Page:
My daughter found a headboard for her college bedroom that she really liked. Naturally, she asked me if I could build it for her. And of course, I couldn’t say no. It’s a simple design that is very easy to build, and in this tutorial, I’m going to show you exactly how to do it!
Before we get started, if you’re looking for a bigger project, you may want to check out the full DIY bed I built.
Materials and Tools
- Finish Nailer
- Miter Saw
- Tape Measurer
- Wood Glue
- Wood Stain
- Sand Paper
- Wood Filler
- 1 1/4″ Finish Nails
- 5 pieces of 1″ x 6″ x 6′ Poplar
- 3 pieces of 1″ x 3″ x 6′ Poplar
- 3 pieces of 1″ x 2″ x 6′ Poplar
- 2 pieces of 1″ x 12″ x 8′ Poplar (or any other type of wood)
Step 1: Determine the Height
My daughter gave me short notice on this project, which meant I didn’t have much time to get it done. So I decided to keep it very simple with a limited amount of cuts. I let the boards and spacing determine the overall height of the headboard.
I laid out all of the boards and used two quarters (as in the coins) as spacers between each one. Then I measured the total height of all the boards with the spacers (quarters) in place, which came out to be 30 5/16″.
Step 2: Add the Back Pieces
For the back of the headboard, you can use pretty much any kind of wood since it won’t be seen. It just needs to be 3/4″ thick. I used some scrap pieces of 1×12 cedar I had left over from our build.
I cut all of the cedar pieces to 30 5/16″, which was the headboard height I measured in step 1.
Then I cut two pieces of the 1×6 Poplar to 53″ in length.
I positioned these two boards at the top and bottom. Then glued and nailed two of the Cedar boards to the back, as shown above, making sure all of the corners were flush.
Then I added the rest of the cedar boards. When I got to the last board, it was too wide. So I measured how wide it needed to be and used a table saw to cut it to the right width.
Step 3: Add the Front Pieces to the Headboard
Once I had all of the back pieces nailed and glued in place, I flipped the headboard over to add the remaining Poplar boards to the front. I cut three more pieces of 1×6 and five pieces of 1×3, all 53″ long.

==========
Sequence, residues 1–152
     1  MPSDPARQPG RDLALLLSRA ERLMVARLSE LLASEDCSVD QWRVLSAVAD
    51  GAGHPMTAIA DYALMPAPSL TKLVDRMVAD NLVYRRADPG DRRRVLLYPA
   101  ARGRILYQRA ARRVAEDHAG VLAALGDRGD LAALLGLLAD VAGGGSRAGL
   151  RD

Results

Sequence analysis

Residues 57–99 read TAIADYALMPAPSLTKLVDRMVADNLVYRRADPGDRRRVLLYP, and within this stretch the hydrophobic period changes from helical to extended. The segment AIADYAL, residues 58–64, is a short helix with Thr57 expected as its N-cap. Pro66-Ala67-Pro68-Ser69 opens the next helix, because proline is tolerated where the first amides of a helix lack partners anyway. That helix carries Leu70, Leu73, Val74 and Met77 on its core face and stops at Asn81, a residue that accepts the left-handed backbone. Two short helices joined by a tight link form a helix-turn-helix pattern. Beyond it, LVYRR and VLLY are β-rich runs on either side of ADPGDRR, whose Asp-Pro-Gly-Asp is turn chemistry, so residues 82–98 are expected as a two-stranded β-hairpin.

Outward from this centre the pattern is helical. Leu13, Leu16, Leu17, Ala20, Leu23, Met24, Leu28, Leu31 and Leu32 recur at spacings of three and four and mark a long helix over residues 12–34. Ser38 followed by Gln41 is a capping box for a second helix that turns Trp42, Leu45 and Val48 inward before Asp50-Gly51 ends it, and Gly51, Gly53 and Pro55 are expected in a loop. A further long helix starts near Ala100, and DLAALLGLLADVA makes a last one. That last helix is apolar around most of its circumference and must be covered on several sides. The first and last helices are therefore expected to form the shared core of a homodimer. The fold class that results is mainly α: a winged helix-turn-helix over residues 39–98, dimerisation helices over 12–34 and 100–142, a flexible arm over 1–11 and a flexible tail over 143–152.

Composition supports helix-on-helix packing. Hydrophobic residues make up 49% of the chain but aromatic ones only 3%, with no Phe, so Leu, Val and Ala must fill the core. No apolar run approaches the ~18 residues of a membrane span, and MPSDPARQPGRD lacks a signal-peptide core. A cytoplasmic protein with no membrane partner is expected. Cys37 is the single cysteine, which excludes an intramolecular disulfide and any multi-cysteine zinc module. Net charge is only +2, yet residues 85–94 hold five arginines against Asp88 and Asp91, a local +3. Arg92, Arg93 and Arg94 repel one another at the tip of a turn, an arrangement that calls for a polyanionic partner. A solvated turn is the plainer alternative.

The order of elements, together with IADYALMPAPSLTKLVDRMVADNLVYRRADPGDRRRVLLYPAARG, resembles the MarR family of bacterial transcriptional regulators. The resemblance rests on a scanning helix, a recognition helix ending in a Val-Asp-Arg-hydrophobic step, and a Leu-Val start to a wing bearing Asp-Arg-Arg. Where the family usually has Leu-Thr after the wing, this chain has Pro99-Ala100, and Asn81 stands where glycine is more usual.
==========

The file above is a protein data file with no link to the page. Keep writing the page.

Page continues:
Using the 2 quarters as spacers, I glued and nailed the front boards in place alternating between the 1x6s and the 1x3s. I nailed them from the bottom so there wouldn’t be any nail holes on the front of the headboard.
Step 4: Add the Edge Pieces
After I finished up with all of the front pieces, it was time to add 1x2s around the edge of the headboard. I cut two pieces of the 1×2 Poplar 31 13/16″ long, and two pieces 54″ long, all with a 45 degree angle on each end.
Then I glued and nailed them in place.
Step 5: Fill Nail Holes and Sand the Headboard
After I nailed on the last piece of wood, I filled all of the nail holes with wood putty. The only holes I filled were the ones in the edge pieces. All of the other holes were in the back of the headboard. Since the back won’t be seen, I didn’t worry about those.
I let the wood putty dry, then I sanded the entire headboard with fine sandpaper.
Step 6: Stain the Headboard
My daughter wanted a light and airy look for her bedroom, so we decided to keep the color of the headboard very close to its light natural tone. I applied one coat of a light gray stain.
Hanging the Headboard
I hung the headboard on the wall behind her bed just like a picture. First, I located the studs in the wall, and attached metal hangers on the back of the headboard in locations that corresponded to the stud locations.
Then I drove a couple of screws into the studs, making sure they were level. And finally, I lifted the headboard onto the screws.